Smoking costs society £17bn – £5bn more than previously estimated

14 January 2022
3 min read
Published:

New economic analysis of national data for Action on Smoking and Health (ASH) finds the cost of smoking to society is significantly higher than previous estimates have shown. Commissioned by charity ASH, the new figures [1] published on January 13 show the cost of smoking to society totals £17.04bn for England each year. This compares to the previous estimate of £12.5bn [2].

The higher estimate is a result of a new assessment of the impact of smoking on productivity [3]. Smokers are more likely than non-smokers to become ill while of working age, increasing the likelihood of being out of work and reducing the average wages of smokers. Smokers are also more likely to die while they are still of working age, creating a further loss to the economy. Together this adds up to £13.2bn.

Smokers’ need for health and social care at a younger age than non-smokers also creates costs, with smoking costing the NHS an additional £2.4bn and a further £1.2bn in social care costs. This includes the cost of care provided in the home and, for the first time, residential care costs. However, many of smokers’ care needs are met informally by friends and family. It’s estimated that to provide paid-for care to meet needs would cost society a further £14bn [4], this is not included in the overall £17bn figure but illustrates the wider burden of smoking beyond pounds and pence.

Smoking-related fires are the leading cause of fire-related deaths, and the costs of property damage, injuries and deaths amount to another £280m.

These figures represent profound losses to individuals and their families with smokers paying the price of addictions established in childhood throughout their lives.

Smokers also lose a large part of their income to tobacco – an estimated £12bn in England each year, or approximately £2,000 per smoker. Whilst the tobacco industry argue that what smokers pay in tax compensates for the cost to society, the excise tax paid for 2020/21 totalled just under £10bn [5] in England, higher than in previous years but still nowhere near the £17.04bn it cost society in 2019.

Other economic analysis commissioned by ASH last year found that if the country could stub out smoking for good, the economic benefits would go even wider as smokers switch their spending from tobacco to other goods and services which benefit the economy more. In total this would generate around half a million jobs, with a net benefit to public finances of £600m [6].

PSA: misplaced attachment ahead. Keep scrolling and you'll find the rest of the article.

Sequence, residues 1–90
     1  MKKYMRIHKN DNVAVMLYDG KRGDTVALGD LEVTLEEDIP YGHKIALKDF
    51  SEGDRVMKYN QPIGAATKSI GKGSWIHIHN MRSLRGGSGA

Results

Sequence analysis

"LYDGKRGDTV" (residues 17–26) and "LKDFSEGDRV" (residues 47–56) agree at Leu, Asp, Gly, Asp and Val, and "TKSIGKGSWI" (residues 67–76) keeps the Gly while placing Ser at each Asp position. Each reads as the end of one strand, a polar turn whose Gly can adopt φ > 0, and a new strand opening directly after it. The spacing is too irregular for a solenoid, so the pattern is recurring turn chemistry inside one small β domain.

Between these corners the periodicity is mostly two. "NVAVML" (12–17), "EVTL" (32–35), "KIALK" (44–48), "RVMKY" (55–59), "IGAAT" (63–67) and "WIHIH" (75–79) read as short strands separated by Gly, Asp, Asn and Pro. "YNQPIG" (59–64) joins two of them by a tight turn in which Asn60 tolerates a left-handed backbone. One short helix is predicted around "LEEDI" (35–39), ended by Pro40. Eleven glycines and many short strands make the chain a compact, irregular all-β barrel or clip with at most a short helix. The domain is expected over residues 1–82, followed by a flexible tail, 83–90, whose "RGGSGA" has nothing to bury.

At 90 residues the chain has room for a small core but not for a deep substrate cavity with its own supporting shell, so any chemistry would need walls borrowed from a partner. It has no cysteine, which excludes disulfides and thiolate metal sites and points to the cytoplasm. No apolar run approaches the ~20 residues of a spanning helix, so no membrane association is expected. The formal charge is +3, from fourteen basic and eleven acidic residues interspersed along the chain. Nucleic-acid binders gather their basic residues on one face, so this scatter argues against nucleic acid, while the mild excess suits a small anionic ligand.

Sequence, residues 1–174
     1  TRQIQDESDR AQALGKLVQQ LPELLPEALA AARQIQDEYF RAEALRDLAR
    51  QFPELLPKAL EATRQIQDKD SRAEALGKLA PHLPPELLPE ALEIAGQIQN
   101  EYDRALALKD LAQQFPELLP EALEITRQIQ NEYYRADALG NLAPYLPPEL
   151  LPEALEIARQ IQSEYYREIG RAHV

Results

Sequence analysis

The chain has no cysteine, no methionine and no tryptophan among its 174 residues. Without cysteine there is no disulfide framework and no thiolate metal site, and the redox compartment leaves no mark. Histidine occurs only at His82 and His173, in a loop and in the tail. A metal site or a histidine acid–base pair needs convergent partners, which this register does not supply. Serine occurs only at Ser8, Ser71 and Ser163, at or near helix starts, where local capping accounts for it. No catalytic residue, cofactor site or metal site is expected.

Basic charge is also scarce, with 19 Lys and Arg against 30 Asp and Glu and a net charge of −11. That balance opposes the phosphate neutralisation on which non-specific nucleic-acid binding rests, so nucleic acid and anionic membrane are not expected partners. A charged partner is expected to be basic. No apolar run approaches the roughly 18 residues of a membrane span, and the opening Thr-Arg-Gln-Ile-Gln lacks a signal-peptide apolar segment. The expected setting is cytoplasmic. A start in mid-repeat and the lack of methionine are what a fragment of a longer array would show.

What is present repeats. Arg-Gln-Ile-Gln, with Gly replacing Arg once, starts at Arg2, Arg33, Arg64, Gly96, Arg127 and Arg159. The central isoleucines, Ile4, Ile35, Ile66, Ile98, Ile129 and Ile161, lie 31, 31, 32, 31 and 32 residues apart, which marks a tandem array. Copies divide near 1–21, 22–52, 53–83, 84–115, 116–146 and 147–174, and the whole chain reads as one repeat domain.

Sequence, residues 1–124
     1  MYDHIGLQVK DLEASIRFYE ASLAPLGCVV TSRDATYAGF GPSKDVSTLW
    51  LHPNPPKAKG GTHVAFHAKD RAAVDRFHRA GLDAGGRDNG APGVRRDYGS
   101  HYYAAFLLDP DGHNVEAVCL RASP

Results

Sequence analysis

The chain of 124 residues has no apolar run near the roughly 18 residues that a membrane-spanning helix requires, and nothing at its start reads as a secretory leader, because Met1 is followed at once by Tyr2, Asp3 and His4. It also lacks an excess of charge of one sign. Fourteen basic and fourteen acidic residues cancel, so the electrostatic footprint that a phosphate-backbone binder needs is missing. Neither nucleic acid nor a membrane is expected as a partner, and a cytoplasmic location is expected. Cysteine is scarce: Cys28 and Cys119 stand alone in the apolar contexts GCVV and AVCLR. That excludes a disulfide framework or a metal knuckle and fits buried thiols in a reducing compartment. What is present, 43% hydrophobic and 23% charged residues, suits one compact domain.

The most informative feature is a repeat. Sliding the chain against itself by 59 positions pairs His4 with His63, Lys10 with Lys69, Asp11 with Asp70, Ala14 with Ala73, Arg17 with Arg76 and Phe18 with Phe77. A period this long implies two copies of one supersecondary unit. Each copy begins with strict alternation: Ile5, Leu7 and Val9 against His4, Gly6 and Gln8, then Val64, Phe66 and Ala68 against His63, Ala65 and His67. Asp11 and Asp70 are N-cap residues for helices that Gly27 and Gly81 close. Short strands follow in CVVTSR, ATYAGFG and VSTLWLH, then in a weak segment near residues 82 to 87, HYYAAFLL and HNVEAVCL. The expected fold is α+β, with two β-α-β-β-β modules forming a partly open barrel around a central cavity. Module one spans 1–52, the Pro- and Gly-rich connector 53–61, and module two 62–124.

Deborah Arnott, chief executive of AHS, said, “Smoking is a drain on society. It’s a cost to individuals in terms of their health and wealth and a cost to us all because it undermines the productivity of our economy and places additional burdens on our NHS and care services. 

The government have delayed the tobacco control plan it promised last year which is now urgently needed with only eight years left to achieve the goal of England being smokefree by 2030.”

Ted Aldridge, 39 from Cheshire, quit smoking last year and wants to encourage others to follow his lead, “I had to have my ulcerated large bowel removed in 2018 as a result of colitis brought on by years of smoking and it meant that for three years I had a bag attached.  I only quit smoking a year ago after I was told I could have reattachment surgery because I wanted to have clean insides in preparation for the operation. In a year staying quit I saved £2,000 in a sealed jar, enough to pay for a holiday, a widescreen TV and a new video game console. I’m passionate about persuading others to quit too – what I say is, if you hate your lungs lads, at least love your wallet?!”

The costs have been broken down so local authorities and regions can see the impact of smoking in their area.

References

[1] Ready Reckoner tool

Summary data below:

Area Name

Number of smokers

Overall cost

Healthcare costs

Productivity costs

Social care costs

Fire costs

England

6,144,703

17.04Bn

2.40Bn

13.17Bn

1.19Bn

282.78M

East Midlands

568,751

1.55Bn

217.29M

1.19Bn

118.04M

26.56M

East of England

670,686

1.84Bn

283.67M

1.40Bn

128.38M

26.74M

London

897,243

2.98Bn

308.12M

2.48Bn

150.40M

40.98M

North East

326,257

887.62M

124.98M

684.51M

66.98M

11.14M

North West

838,793

2.15Bn

322.63M

1.60Bn

176.83M

44.38M

South East

877,585

2.59Bn

411.44M

1.97Bn

170.24M

36.47M

South West

633,500

1.66Bn

277.01M

1.23Bn

123.97M

30.72M

West Midlands

651,289

1.68Bn

242.16M

1.27Bn

130.30M

38.46M

Yorkshire and the Humber

680,118

1.74Bn

243.24M

1.34Bn

125.01M

28.03M

[2] ASH Ready Reckoner 2019 edition

[3] Reed H. The impact of smoking history on employment prospects, earnings and productivity: an analysis using UK panel data. September 2020

[4] ASH. The cost of smoking to the social care system, 2021. March 2021.

[5] HMRC. National statistics: Tobacco Bulletin. November 2021

[6] ASH. Ending smoking in the UK would increase the number of UK jobs by nearly half a million. October 2021 https://ash.org.uk/media-and-news/press-releases-media-and-news/ending-smoking-in-the-uk-would-increase-the-number-of-uk-jobs-by-nearly-half-a-million/